In March 2015, China recalled that in the 2014 Farm Bill of the United States, the regulatory food safety oversight of all Siluriformes fish was moved from the Food and Drug Administration (FDA) to the United States Department of Agriculture's Food Safety Inspection Service (FSIS). FDA was traditionally in charge of other food products, including aquatic products. The proposed rule on mandatory inspection of catfish and catfish products, notified to the Committee in March 2011, would thus duplicate inspections already conducted by FDA on all catfish products. China also recalled the report published by the United States Government Accountability Office in May 2012. According to China, the report observed that the USDA proposed rule on mandatory inspections would duplicate existing government programmes and would not improve consumer safety. The USDA risk assessment published in July 2012 showed that the probability of food poisoning from catfish is very low, with only one salmonella outbreak linked to catfish in the past 20 years. China believed that the inspection programme was not based on a serious risk assessment, which violated US obligations under the SPS Agreement. China urged the United States to regulate catfish on a scientific basis, and to maintain the catfish inspection programme under the regulatory system of aquatic products.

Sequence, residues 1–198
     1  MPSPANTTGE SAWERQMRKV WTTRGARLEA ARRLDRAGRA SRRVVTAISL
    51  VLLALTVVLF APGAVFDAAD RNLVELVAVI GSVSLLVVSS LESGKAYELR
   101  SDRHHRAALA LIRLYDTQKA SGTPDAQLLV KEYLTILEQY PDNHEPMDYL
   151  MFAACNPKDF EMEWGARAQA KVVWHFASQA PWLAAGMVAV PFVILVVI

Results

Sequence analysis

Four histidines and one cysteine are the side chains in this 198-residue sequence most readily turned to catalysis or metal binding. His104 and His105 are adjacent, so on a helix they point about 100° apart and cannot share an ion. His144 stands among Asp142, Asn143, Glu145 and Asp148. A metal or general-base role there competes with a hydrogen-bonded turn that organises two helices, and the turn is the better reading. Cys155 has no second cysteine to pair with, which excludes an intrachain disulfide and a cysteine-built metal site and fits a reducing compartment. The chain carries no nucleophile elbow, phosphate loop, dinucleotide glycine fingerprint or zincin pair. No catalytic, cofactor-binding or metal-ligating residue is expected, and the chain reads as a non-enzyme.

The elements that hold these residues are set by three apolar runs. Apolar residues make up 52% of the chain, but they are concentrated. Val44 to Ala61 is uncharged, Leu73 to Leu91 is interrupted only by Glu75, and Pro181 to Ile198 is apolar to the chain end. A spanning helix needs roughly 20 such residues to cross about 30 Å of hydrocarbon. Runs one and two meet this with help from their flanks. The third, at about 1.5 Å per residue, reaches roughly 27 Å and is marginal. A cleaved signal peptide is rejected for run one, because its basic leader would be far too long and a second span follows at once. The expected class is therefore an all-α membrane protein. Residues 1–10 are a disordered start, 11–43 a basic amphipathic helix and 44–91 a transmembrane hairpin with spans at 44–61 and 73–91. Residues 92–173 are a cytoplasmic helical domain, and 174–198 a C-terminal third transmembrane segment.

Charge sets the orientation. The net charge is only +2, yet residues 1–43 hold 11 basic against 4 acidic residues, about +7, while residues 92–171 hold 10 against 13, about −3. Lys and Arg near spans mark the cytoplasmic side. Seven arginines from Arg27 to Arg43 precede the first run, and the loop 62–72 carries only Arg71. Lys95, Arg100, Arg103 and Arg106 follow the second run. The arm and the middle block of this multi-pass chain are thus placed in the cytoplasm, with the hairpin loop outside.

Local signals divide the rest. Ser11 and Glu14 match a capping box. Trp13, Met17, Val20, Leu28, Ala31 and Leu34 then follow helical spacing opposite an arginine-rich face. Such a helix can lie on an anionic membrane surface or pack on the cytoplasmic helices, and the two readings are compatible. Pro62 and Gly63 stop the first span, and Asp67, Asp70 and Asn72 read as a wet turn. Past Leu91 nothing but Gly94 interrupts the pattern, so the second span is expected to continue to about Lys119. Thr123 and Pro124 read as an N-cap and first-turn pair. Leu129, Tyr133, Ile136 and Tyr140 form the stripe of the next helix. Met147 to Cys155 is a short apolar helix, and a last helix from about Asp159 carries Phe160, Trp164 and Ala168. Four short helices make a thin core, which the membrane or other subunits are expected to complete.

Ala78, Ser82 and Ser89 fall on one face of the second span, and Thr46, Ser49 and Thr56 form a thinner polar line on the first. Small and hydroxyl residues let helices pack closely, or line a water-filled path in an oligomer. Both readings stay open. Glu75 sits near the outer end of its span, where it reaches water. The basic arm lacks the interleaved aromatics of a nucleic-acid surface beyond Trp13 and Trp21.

The United States explained that the Food Conservation and Energy Act of 2008, known as the 2008 Farm Bill mandated that catfish be regulated under the Federal Meat Inspection Act and directed USDA to promulgate a rule to define catfish and provide for its mandatory inspection. The Agricultural Act of 2014, known as the 2014 Farm Bill had made FSIS responsible for Siluriformes fish including catfish. The United States noted that FSIS was currently working on finalizing the catfish inspection rules, and that trading partners would be notified as soon as these rules were finalized.